Charcot Foot

We treat many lower limb conditions for patients here at Foot & Ankle Associates of Florida, but ones associated with diabetes can be particularly concerning. Medical complications like Charcot foot—a condition of severe deformity in the lower extremities—highlight the need for vigilant diabetic foot care and the importance of giving extra attention to your lower limbs if you are living with diabetes. Our doctors can help you with this by creating a diabetic foot care plan so you are able to reduce the risk of incidents from happening in the first place and catch them early (when they are most effectively treated).Charcot foot starts with broken foot bones and can create severe deformity.

Understanding Charcot Foot Causes and Symptoms

If everything is healthy in your lower limbs, you’re probably unaware of how much force you put on your feet and ankles. This is only natural – just think about how often we take things for granted until a problem arises. Some people might not know this, but every step we take even while simply walking around and performing daily activities places at least one-and-a-half times our body weight on our feet. This is important as we look at why Charcot foot develops.

Charcot foot stems from weakened foot bones and neuropathy (nerve damage), both of which are frequently connected to diabetes. Diabetic neuropathy is experienced by over half of all diabetic individuals. It can cause tingling or burning sensations that are sometimes rather painful, but an even greater problem is when neuropathy causes numbness and leaves feet unable to feel any injuries or damage they sustain.

In addition to damaged nerves, diabetes can also cause peripheral arterial disease (PAD). PAD is a condition of impaired blood circulation, which is especially problematic for the feet. Your lower appendages are the furthest points of the body from your heart, which means oxygenated blood already has the longest distance to travel in order to reach them. When narrowed arteries caused by PAD restrict the blood flow, it deprives your body tissues—like the bones in your feet—of the essential nourishment they need.

Weakened bones in the feet can more easily and frequently fracture (as a result of the tremendous forces placed on them). When your sense of feeling in your feet is undetected by your brain—since damaged nerves are not relaying the messages—you continue to walk as you normally would. In turn, this leads to more breakage in your foot bones. The dangerous cycle repeats until your foot has become severely deformed and it causes major problems.

If you live with diabetes, you should be aware of the symptoms and warning signs of this medical condition. Since you might not experience pain (because of neuropathy), other symptoms need to be observed for you to know there is an issue. These symptoms include soreness, redness, and warmth to the touch (particularly in comparison to your other foot). Unexplainable swelling is also a major warning sign this problem might be present.

Early diagnosis and professional treatment is imperative for lowering your risk of amputation. If you have diabetes and become aware of any of these symptoms, call us and schedule the earliest possible appointment so one of our foot doctors can properly assess the situation for you. If it is Charcot foot, we will provide the care you need.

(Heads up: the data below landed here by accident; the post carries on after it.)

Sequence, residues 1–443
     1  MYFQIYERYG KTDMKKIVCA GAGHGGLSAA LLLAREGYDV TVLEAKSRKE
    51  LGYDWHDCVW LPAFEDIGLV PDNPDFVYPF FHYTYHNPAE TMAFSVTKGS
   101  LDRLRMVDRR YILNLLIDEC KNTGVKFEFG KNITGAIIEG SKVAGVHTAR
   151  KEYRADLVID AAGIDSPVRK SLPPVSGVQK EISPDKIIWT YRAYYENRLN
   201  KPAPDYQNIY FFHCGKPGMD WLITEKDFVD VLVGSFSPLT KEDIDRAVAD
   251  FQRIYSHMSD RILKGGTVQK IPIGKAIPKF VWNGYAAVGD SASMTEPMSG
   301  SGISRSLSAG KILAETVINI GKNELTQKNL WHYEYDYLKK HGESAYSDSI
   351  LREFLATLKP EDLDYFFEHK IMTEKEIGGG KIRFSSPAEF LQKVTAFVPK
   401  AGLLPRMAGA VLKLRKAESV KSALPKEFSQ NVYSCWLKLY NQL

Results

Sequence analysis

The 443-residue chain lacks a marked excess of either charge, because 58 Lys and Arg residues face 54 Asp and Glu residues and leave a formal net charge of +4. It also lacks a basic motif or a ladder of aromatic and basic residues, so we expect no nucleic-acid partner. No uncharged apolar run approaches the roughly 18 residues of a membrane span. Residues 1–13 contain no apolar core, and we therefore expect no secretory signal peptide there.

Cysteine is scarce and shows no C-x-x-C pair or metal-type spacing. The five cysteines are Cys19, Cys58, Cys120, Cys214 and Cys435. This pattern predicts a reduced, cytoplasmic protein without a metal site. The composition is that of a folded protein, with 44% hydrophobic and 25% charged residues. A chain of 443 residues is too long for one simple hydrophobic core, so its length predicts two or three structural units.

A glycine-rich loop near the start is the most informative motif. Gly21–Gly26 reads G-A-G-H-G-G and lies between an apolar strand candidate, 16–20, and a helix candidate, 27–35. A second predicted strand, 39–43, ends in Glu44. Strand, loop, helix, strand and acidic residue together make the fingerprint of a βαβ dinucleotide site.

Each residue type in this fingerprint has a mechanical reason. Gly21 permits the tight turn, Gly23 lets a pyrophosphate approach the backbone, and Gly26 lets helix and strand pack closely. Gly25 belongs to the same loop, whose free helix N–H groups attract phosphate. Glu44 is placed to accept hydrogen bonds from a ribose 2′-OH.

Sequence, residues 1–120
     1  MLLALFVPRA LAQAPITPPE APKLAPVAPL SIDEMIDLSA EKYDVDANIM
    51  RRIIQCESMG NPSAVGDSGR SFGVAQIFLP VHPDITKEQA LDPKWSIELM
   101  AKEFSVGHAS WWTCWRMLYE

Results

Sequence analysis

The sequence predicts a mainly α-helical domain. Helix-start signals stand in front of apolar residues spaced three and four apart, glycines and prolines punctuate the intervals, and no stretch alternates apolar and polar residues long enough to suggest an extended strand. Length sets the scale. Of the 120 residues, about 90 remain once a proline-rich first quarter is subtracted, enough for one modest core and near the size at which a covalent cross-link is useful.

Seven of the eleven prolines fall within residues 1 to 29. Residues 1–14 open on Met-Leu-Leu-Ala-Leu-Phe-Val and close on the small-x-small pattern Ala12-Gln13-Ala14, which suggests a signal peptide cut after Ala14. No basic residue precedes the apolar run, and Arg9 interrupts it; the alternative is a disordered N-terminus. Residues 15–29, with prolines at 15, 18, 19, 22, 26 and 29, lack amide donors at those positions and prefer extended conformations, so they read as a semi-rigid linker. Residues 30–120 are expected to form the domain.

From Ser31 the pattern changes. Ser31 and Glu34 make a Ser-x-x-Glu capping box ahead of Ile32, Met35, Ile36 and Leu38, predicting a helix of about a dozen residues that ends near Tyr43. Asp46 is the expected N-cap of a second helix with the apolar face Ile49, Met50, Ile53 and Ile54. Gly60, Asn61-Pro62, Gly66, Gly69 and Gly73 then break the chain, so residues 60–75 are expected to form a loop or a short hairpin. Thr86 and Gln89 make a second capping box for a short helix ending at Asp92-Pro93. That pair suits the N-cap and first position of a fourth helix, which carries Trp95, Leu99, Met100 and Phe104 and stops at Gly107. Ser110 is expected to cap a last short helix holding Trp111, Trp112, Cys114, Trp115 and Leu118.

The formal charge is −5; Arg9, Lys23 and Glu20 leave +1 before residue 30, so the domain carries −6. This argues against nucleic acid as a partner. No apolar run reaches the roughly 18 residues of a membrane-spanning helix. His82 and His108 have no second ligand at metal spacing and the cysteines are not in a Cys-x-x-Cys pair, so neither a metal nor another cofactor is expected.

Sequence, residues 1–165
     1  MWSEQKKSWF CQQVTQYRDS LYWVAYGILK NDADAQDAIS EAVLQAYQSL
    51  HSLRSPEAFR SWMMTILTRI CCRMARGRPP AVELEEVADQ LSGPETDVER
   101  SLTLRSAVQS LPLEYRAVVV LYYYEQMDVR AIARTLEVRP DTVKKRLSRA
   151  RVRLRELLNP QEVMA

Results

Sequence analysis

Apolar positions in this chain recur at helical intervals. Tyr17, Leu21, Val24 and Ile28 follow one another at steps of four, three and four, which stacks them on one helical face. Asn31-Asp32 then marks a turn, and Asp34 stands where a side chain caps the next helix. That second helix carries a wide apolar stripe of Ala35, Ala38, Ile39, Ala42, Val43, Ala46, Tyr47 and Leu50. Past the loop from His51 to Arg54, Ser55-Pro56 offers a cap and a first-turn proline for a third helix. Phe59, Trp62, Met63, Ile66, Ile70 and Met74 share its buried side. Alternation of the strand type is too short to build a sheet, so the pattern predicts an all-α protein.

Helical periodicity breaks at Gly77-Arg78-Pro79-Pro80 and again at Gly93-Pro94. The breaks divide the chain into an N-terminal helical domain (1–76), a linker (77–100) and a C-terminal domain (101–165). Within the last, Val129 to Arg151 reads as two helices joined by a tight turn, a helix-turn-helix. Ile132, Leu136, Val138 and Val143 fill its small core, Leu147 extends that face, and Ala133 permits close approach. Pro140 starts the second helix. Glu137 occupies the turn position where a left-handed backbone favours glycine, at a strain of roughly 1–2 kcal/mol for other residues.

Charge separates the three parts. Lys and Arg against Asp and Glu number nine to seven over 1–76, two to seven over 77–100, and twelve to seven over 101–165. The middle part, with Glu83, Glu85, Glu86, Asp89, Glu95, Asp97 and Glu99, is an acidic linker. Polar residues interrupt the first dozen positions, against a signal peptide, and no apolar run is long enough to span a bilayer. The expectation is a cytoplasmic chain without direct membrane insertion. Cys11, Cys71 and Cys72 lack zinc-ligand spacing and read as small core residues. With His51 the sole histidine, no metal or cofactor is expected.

Treatment and Prevention

Treatment for Charcot foot will depend on a variety of factors, including the stage and severity of the deformity, your overall wellbeing, and any other existing medical issues.

If the condition is caught early and can benefit from nonsurgical care, our treatment plan might include:

  • Immobilization – During the early stages, your foot and ankle will tend to be especially fragile so protecting them is essential. Affected feet should not bear weight. This will help to prevent further collapse and give your weakened bones the opportunity to repair.
  • Activity modification – To prevent repeated trauma in either or both of your feet, your normal activity levels will need to be adjusted. The doctor treating you will provide specific instructions in this regard.
  • Bracing and custom shoes – After fractured bones have had time to heal and you are able to return to some of your normal activities, your doctor may prescribe shoes with special inserts (orthotics) to prevent ulcers and recurrence of Charcot foot. Braces may also be used in treating cases where significant deformity has already occurred.

Preventing Charcot foot from developing in the first place is strongly preferred. You can reduce your risk of developing this serious condition by practicing diligent diabetic foot care. Our doctors will guide you through an appropriate plan, which will include managing your diabetes, performing daily foot inspections, and coming in to one of our five Florida offices for regular checkups. Managing the disease is especially important because you can reduce the progress of neuropathy by maintaining appropriate glucose levels in your blood stream.

Always contact us immediately if you are diabetic and observe anything out of the ordinary with your feet or toes!

Our podiatrists are experienced and skilled in helping patients create diabetic foot care plans and providing care for lower limb issues. We will help you understand what measures you should take to protect your feet. Remember, after prevention, early treatment is your best option to save your foot, so contact us at the first sign of this condition. Call us at 407-339-7759 or 352-589-9550 (if you call from Lake County) or request your appointment at any of our Florida locations—Altamonte Springs, Lake Mary, Kissimmee, Tavares, and Orlando—online right now.